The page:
A new type of science degree should boost the number of animal health-care professionals and food-safety experts in Alberta.
The new animal health degree at the University of Alberta is a sign of the growing need for veterinarians and animal health specialists, as well as food-safety expertise, said Dr. Craig Wilkinson, a veterinarian, instructor, and director of animal care in the faculty of agriculture, life, and environmental sciences.
“There are also a number of areas that we felt weren’t covered under existing programs in Alberta,” said Wilkinson.
“We have a number of majors in the program that really address those gaps so hopefully we can provide graduates to meet the needs of industries.”
The four-year program has already accepted its first batch of freshmen and eventually expects to graduate about 70 students per year.
The program offers three majors – Food Animals; Food Safety and Quality; and Companion and Performance Animal. None are aimed directly at the agriculture industry but are expected to attract many kids who grew up on farms.
Food Safety and Quality focuses on food microbiology and improving safety in food production systems.
“These people will be really useful and trained for on-farm food-safety programs, which are really growing,” said Wilkinson.
Government also needs people with laboratory skills in microbiology and immunology, he said. Public health, animal health, and food-safety divisions of Alberta Agriculture will need to expand in the future, creating new opportunities for people with these skills.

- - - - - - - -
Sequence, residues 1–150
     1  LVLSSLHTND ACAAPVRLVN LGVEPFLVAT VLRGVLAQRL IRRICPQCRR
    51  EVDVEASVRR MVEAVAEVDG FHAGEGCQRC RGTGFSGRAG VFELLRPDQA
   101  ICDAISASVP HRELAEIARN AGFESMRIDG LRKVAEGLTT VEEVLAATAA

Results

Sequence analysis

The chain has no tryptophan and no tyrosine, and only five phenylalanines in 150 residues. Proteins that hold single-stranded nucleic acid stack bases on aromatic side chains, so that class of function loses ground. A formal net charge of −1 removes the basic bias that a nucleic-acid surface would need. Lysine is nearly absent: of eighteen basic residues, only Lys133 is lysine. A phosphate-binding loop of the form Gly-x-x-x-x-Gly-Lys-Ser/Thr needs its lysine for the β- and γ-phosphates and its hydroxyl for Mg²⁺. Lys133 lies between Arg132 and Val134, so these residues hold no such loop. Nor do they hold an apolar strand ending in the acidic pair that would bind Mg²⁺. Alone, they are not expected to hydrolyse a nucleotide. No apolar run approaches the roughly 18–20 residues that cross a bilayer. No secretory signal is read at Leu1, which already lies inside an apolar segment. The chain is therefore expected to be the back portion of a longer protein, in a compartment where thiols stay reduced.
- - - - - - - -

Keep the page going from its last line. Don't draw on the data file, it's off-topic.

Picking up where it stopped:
Despite its name, the Food Animals major isn’t primarily intended for livestock producers.
“It’s a bit similar to a traditional degree in animal science, but it focuses more on immunology and microbiology and adds some other production courses,” said Wilkinson. “It’s not aimed primarily at a person who wants to go back into farming (but) at someone who wants … a basic understanding of the food animal industry.”
Students who aren’t interested in food production may want to consider the Companion and Performance Animal major. This program reflects the growth of the pet-care industry, said Wilkinson.
“There wasn’t really a university- level program that provided people with the tools they needed to go and be involved in that industry,” said Wilkinson.
Students in this major will study animal psychology and behaviour, companion animal nutrition, the human-animal bond, equine nutrition and reproduction.
All three majors include basic business and economic courses. Many of the students plan to study veterinary medicine at either the University of Calgary or the University of Saskatchewan, said Wilkinson.
“This is a new program and it’s the first of its kind in Canada.”
UNIVERSITY OF ALBERTA DIRECTOR OF ANIMAL CARE